Pitch is the perceived frequency of a sound.
Pitch and frequency are used interchangeably throughout the guide. The subtle difference between the two is that pitch is a subjective perception of the frequency of a sound whereas frequency is an objective physical property of a sound.
Sound occupies a range of frequencies called the sound spectrum. A spectrogram provides a visual representation of the spectrum.
Sound is broken down in the guide into two broad groups: pitched sound, commonly called a note, and unpitched sound.
A quick way to determine whether a sound is pitched or unpitched is to try to sing it. If you can sing it, it is pitched sound, if you cannot, it is unpitched. For example, you may, with some effort, sing like a bird. Birdsong is pitched sound. You cannot sing like a waterfall, it is unpitched sound.
Audio: spectrum (0:08)
|Band||Range||Min (Hz)||Max (Hz)|
spectrum plays four different sounds in succession. The spectrum figure shows a composite spectrogram of all four sounds:
- The first sound is a 20Hz sine wave. This is subaudio sound and it is on the threshold of hearing. You will need very good ears and speakers to hear it, to most, it will be inaudible. It is the large peak on the left of the spectrogram.
- The second sound is a 440Hz sine wave. This is audible sound, audio for short. The sound can be heard and has a single well-defined pitch in the mid frequency range. It is the prominent peak in the middle of the spectrogram.
- The third sound is white noise. This is unpitched sound. It contains a wide range of frequencies, most of which are audio but it includes subaudio and ultrasound as well. It sounds like a noisy crackle. The crinkly line running along the bottom of the spectrogram shows the spectrum of white noise.
- The fourth sound is a 12kHz sine wave. This is heading towards ultrasound territory. You may just be able to hear it with good ears and speakers. It is the small peak at the right of the spectrogram.
The spectrum table lists the frequency bands and ranges in the sound spectrum. There are three bands in the spectrum:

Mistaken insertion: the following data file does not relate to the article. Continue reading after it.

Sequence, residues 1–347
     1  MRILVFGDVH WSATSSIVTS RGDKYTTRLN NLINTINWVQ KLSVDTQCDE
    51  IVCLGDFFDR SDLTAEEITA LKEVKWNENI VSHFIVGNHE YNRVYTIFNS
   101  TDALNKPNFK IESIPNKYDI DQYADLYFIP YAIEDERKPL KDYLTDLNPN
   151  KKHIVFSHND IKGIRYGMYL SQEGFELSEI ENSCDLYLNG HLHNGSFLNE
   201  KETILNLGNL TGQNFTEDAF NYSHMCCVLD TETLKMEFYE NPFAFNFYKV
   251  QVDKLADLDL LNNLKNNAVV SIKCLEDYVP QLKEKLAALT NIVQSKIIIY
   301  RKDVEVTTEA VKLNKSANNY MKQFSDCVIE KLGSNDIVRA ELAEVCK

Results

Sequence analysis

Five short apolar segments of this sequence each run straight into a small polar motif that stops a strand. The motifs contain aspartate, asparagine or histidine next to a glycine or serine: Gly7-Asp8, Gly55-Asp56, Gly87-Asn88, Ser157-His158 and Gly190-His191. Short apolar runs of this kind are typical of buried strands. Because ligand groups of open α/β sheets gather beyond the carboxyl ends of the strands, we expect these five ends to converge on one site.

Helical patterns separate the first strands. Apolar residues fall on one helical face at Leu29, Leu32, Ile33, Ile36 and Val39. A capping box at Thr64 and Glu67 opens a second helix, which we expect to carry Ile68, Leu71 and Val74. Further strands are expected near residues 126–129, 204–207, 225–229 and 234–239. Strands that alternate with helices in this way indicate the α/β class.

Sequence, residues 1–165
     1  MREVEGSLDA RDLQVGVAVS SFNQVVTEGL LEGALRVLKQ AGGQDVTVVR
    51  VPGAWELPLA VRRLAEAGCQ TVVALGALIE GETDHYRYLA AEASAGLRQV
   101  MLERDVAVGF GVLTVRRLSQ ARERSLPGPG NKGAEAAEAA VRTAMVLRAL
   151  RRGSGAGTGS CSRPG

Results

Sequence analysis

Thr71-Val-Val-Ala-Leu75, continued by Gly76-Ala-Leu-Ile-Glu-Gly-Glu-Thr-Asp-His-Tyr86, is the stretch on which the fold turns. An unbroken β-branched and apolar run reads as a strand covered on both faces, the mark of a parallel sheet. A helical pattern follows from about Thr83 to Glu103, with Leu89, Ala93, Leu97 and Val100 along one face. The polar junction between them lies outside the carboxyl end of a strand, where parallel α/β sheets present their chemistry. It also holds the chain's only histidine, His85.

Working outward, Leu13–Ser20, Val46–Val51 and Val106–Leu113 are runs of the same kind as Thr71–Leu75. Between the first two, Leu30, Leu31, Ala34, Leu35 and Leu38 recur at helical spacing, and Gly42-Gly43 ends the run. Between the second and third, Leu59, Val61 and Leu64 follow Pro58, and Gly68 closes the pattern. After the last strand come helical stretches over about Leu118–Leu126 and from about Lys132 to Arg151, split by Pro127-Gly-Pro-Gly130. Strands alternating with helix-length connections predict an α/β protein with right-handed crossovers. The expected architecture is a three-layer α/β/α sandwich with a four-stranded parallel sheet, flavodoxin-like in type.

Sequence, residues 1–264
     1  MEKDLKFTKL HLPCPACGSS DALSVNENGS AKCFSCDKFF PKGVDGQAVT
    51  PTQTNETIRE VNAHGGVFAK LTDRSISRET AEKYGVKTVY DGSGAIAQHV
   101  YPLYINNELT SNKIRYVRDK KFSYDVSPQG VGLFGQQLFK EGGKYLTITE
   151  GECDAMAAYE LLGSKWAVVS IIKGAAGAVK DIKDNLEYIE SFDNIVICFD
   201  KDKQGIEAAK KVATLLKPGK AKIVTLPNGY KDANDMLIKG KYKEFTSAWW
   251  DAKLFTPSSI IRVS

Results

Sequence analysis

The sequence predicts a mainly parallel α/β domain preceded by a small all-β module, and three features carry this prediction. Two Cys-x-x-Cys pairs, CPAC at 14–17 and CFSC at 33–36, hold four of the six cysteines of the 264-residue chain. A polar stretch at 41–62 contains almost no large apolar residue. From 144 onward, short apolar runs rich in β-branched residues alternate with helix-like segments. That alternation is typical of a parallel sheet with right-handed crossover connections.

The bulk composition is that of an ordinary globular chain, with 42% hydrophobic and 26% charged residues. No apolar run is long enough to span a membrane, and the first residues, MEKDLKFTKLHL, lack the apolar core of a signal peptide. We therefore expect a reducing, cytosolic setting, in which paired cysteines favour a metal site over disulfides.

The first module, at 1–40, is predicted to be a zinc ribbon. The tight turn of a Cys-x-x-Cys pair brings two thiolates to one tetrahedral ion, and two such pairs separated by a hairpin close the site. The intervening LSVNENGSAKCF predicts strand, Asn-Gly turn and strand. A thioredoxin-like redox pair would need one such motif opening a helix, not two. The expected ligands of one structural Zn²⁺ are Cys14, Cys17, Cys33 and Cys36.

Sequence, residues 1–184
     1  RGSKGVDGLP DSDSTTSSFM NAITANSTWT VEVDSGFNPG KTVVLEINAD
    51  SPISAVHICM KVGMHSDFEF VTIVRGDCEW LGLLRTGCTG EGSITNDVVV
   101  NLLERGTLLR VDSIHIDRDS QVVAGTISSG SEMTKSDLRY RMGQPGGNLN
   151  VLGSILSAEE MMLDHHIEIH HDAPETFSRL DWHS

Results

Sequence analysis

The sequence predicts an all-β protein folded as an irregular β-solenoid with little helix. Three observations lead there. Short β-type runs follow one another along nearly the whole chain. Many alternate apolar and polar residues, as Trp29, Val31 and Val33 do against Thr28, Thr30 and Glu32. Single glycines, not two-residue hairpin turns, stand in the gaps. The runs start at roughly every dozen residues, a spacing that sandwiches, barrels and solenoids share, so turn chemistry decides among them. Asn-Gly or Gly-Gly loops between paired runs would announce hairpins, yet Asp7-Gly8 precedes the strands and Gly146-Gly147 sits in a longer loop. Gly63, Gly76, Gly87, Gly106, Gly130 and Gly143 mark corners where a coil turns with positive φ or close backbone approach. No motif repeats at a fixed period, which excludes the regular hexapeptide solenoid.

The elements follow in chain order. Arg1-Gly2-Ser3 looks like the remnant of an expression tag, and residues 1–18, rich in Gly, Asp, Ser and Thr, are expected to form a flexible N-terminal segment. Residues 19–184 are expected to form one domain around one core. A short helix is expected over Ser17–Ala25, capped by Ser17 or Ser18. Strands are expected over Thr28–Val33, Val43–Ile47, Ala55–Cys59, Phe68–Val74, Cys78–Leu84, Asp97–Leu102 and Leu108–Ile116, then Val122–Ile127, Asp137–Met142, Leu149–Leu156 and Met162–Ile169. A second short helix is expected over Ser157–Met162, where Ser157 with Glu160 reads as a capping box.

- Subaudio or infrasound has a frequency range between 0Hz (silence) and about 20Hz. Subaudio cannot be heard by humans. However, the effect of loud subaudio can be felt as a sort of low rumble.
- Audio has a frequency range between 20Hz and about 20kHz. Audio is audible sound, sound that can be heard by humans. There are three broadly defined audio ranges: low, mid and high frequency.
- Ultrasound has a frequency range from 20kHz to over 100kHz. Ultrasound is inaudible to humans. However, like subaudio, its effect can be felt. Sibilant speech, words such as shhhh and zip, for example, generate ultrasound. A crash cymbal generates ultrasound over 100kHz. Dogs hear ultrasound in the 23-54kHz region and bats generate and hear ultrasound over 50kHz.
The spectrum of sound is similar to the spectrum of light except it covers frequency instead of colour.
Music writing is naturally concerned with sound that can be heard. Audio spans a range from around 20Hz to 20,000Hz (20kHz). Sound outside the audible spectrum is either very low-frequency subaudio or very high-frequency ultrasound. Even though subaudio and ultrasound cannot be heard, they are physical waves, and their effect can be felt.
Audio: spectrogram (0:04)
spectrogram plays the sound of wind. The spectrogram figure shows that it is mainly low frequency noise.
A spectrogram is a visual representation of the frequencies present in a sound.
There are many formats for a spectrogram. A two-dimensional graph is used throughout the guide. The vertical dimension represents the amplitude of the sound, how loud or soft it is. The horizontal dimension represents frequency and shows the range of frequencies that make up that sound. Amplitude is measured in decibels and frequency is measured in Hertz.
Spectrum analysis, or frequency analysis, is a process for determining the frequencies present in a sound. It is a useful tool for working out the frequencies present in a piece of music. Some music programmes and apps have a built-in spectrum analyser.
A spectrogram and a waveform both provide visual information about a sound. The difference is that a spectrogram shows the relationship between amplitude and frequency whilst a waveform shows the relationship between amplitude and time.
Audio: note (0:02)
note plays a note with a frequency of 246.942Hz. The note figure shows its spectrogram.
A note or tone is pitched sound.
Melody and harmony contain notes and are the prime examples of pitched sound. Noise and rhythm do not contain notes and are unpitched sound.
A sine wave is the only sound that contains a single frequency. Every other sound contains multiple frequencies. If one of those frequencies is perceived as dominant, louder than rest, it is pitched sound. Unpitched sound has no dominant frequency.
Audio: unpitched sound (0:02)
unpitched sound plays unpitched sound. The unpitched sound figure shows its spectrogram.
Unpitched sound is sound in which no single frequency is perceived to be dominant.
Unpitched sound does not contain notes.
Noise and rhythm are the prime examples of unpitched sound.
There is no system for classifying unpitched sound. Sometimes, the only distinction that can be made is between low and high frequency bass and treble. Sometimes a description is added such as low-frequency rumble and high-frequency hiss. The rest of the time it is an exercise in creativity and imagination. unpitched sound is officially designated as the sound of a starship.